How to survive downsizing

by MPA11 Feb 2015
According to Karen Gately, although no instance of downsizing is ever easy, it is important to go through the process without compromising levels of trust and respect for the leadership team.

Trust 
This means your business should already have an environment built around trust for it not to be lost in the first place. When employees trust their manager or leader, says Gately, it will get them through the changes going on and reduce the likelihood of disputes and air of panic over job security.

No surprises
Having measures in place to see change coming will be beneficial to everyone in your business if it comes to downsizing. No one likes to be let go and even less when told at short notice. Not only will this likely provide more time to carry out the process fairly and respectfully for both parties, but it also informs your team on whether you are hiring or letting go of staff appropriately for the future.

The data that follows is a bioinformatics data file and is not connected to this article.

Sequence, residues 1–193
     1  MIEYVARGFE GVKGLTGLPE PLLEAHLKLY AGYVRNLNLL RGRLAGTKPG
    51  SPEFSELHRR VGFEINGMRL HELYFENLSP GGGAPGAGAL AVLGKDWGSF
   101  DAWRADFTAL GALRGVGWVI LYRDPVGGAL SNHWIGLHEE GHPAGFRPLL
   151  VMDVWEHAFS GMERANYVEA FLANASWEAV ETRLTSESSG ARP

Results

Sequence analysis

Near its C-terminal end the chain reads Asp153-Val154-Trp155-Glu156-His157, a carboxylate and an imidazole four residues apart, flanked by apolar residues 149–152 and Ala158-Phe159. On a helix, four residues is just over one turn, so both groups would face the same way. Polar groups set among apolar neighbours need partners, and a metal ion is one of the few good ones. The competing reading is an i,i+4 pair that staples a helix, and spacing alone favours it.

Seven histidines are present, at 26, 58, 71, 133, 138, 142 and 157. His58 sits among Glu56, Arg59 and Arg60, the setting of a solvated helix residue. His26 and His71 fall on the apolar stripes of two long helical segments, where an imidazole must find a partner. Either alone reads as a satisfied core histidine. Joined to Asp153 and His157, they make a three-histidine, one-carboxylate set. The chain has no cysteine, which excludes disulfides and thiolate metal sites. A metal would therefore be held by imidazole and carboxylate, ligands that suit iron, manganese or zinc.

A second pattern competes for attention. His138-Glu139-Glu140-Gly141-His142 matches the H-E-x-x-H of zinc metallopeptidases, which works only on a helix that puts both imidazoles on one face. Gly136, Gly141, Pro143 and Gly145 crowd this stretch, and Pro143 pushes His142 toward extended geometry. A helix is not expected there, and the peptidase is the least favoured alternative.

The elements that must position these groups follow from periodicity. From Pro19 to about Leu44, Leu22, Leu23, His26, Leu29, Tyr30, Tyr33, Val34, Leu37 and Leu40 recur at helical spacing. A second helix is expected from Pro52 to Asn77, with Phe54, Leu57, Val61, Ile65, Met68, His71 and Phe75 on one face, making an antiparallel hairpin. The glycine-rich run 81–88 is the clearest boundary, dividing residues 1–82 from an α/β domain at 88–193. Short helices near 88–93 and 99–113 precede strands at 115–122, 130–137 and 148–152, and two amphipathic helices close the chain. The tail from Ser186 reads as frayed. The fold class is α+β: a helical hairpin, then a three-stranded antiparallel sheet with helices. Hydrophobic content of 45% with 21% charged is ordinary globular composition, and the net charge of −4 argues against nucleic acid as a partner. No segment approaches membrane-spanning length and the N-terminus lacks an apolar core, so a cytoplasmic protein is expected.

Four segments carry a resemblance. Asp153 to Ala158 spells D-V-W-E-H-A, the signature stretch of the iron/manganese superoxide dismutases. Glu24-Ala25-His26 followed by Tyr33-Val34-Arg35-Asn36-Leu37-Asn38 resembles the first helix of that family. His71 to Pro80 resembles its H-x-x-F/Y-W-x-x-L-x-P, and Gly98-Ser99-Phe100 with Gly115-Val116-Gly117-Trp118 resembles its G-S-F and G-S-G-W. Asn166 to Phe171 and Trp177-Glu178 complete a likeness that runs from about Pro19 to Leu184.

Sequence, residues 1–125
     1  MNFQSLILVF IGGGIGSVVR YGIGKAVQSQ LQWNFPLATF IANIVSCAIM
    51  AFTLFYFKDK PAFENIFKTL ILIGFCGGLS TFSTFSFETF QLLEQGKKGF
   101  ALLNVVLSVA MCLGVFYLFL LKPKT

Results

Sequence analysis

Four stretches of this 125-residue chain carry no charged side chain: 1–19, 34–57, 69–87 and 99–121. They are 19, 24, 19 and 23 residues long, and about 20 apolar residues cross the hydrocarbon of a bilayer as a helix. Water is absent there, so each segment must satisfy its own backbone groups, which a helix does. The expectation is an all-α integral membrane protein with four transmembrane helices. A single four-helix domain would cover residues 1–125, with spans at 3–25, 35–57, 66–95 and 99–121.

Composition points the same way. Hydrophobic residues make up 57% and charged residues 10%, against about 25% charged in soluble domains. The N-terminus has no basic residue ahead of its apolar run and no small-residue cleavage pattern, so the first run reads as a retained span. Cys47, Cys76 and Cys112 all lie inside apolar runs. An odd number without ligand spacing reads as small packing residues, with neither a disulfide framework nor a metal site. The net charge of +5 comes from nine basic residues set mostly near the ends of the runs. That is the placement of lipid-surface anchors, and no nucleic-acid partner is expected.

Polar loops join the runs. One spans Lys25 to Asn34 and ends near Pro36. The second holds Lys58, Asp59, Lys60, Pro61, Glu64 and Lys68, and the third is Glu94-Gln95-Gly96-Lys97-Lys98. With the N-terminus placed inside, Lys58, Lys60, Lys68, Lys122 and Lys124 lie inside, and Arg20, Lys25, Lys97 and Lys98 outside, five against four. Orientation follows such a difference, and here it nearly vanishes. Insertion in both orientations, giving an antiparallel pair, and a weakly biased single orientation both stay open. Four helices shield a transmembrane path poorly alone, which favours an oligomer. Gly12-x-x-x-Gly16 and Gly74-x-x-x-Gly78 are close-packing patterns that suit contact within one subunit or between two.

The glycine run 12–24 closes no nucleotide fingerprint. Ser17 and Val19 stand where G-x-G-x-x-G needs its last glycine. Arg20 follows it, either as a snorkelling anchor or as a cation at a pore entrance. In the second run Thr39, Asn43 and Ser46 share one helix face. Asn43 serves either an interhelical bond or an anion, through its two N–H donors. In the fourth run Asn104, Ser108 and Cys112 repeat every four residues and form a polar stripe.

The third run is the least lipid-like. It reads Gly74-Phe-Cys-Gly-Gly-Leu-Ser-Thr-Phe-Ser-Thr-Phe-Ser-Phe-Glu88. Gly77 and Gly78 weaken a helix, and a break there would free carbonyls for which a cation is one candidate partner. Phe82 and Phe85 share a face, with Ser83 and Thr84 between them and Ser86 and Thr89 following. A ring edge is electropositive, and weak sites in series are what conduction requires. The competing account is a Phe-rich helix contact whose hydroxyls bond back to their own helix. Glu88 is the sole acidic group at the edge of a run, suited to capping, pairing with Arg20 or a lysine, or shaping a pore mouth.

Respect the impacts
Gately points out that being respectful, fair and compassionate to those you are letting go can go a long way. Making sure you demonstrate these traits in every step of the process ensures the employee a smooth, hassle-free transition and allows them to focus on their changing situation.

Be open 
Honesty and clear communication also go a long way. Gately says often upsets are caused because of unclear delivery of information or news to the person being made redundant, and to the rest of the team. Know your team so you can deduce when they need further explanation and keep them in the loop even after redundancies have been made.

 

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